Monday, November 30, 2009
Each time I read "Art" I find something new in it!
“Art” a play by Yasmina Reza has a universal theme on the complexity of human behavior in our modern time.
Although the play appears absurdly simple on the surface, but digging inside the dark comic crackling language, one will find many complex layers in its undertone. It deals with serious subjects we face in today’s human communication such as: narcissistic interactions, vulnerability, the meaning of friendship, the games of power and ultimately the tremendous need for love, sense of belonging and affection.
Serge buys a white painting with three scars on it for a huge sum of money. His friend Marc accuses him for his bad taste and deconstructive perspective of modern art. Ivan, less privileged in his social class, and overwhelmed by his personal problems, tries to mediate by pleasing both Serge and Marc. But the conflict is beyond the white painting. It is about their infatuation and obsession with an egoistic desire for conquest. In other words, the characters’ self gratification and ambition drive them to dominate and control others in order to gain power. Respecting each other’s freedom is only used by them in theoretical verbal debates. In practice the essence of this matter is not truly exercised! Ivan challenges Serge and Marc’s gobbling contemptuous language and criticizes their ingenuous actions by philosophizing the meaning of freedom:
Yvan: …”If I’m who I am because I’m who I am and you’re who you are because you’re who you are, then I’m who I am and you’re who you are. If, on the other hand, I’m who I am because you’re who you are, and if you’re who you are because I’m who I am, then I’m not who I am and you’re not who you are…” (P 41)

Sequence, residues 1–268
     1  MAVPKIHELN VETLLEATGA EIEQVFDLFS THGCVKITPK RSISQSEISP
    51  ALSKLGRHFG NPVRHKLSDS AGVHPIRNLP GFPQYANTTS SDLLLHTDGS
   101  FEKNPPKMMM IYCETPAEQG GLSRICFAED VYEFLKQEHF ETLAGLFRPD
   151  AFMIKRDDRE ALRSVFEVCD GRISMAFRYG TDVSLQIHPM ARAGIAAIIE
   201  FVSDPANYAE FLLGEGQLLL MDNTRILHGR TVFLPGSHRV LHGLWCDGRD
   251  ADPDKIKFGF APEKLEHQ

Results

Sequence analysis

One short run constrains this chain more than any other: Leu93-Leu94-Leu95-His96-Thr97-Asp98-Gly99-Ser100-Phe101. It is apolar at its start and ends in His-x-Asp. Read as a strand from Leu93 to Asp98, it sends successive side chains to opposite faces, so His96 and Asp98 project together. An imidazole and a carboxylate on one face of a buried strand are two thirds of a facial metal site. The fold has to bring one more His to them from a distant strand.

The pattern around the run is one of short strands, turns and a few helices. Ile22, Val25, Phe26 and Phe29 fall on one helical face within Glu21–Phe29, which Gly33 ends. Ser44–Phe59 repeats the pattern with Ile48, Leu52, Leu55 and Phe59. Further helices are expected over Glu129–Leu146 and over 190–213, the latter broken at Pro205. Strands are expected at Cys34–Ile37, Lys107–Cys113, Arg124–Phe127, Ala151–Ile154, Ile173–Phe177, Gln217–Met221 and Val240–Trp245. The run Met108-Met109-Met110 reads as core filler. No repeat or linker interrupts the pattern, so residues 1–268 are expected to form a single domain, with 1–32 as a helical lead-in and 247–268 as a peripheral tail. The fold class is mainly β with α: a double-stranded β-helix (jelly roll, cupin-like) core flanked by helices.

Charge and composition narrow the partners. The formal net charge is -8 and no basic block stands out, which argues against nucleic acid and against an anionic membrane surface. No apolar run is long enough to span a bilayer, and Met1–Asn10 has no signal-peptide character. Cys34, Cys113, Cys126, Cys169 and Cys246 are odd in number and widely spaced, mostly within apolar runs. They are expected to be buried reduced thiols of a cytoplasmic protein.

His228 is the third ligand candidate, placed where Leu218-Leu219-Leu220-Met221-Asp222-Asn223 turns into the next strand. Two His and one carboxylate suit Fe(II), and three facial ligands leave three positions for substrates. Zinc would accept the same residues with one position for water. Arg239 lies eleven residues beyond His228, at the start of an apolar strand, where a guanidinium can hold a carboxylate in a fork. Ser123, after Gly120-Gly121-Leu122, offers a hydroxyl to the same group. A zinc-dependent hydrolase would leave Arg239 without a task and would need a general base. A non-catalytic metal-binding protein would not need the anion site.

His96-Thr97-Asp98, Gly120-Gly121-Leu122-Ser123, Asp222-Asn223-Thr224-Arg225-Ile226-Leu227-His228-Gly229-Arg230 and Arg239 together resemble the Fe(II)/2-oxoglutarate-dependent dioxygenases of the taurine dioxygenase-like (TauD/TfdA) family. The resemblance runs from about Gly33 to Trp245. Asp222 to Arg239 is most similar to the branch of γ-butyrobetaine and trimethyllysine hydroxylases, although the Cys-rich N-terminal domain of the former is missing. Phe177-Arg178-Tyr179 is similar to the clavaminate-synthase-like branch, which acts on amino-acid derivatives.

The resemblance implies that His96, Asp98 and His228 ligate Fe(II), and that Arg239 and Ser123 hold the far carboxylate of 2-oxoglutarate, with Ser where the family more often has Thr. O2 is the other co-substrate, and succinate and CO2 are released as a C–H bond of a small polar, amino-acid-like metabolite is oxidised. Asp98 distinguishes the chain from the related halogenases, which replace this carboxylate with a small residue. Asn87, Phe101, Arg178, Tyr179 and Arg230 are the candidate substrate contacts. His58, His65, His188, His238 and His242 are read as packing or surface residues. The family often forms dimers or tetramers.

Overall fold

As the play progresses, Reza shows how underneath the three character’s confrontational accusations lies an enormous vulnerability. And a strong need for unconditional love, affection and self-approval.
Marc: …I enjoyed your admiration. I was flattered. I was always grateful to you for thinking of me as a man apart. I even thought being a man apart was a somehow superior condition, until one day you pointed out to me that it wasn’t.
Serge: This is very alarming.
Marc: It’s the truth.
Serge: What a disaster…!
Marc: Yes, what a disaster!
Serge: What a disaster!
Marc: Especially for me…Whereas you’ve found a new family. Your penchant for idolatry has unearthed new object of worship. The artist!...Deconstruction! (P: 52)
At the end, three characters express their profound lonely world in their monologues. Ivan explains that only irrationality would bring humans together.
Ivan: …In fact I can no longer bear any kind of rational argument, nothing formative in the world, nothing great or beautiful in the world has ever been born of rational argument. (P: 62)
And Marc, who has despised this piece of white painting through the entire play, at the end interprets it with a profound poetic tendency and describes it as a world where a solitary man appears and disappears into the landscape. That‘s how humans journey into life.
Marc: Under the white clouds, the snow is falling.
You can’t see the white clouds, or the snow.
Or the cold, or the white glow of the earth.
A solitary man glides downhill on his skis.
The snow is falling.
It falls until the man disappears back into the landscape.
My friend Serge, who’s one of my oldest friends, has bought a painting.
It’s a canvas about five foot by four.
It represents a man who moves across a space and disappears. (P: 63)
“Art” has a playful, verbal dancing dialogue with certain musicality and rhythm which makes any actor eager to take part in acting a role.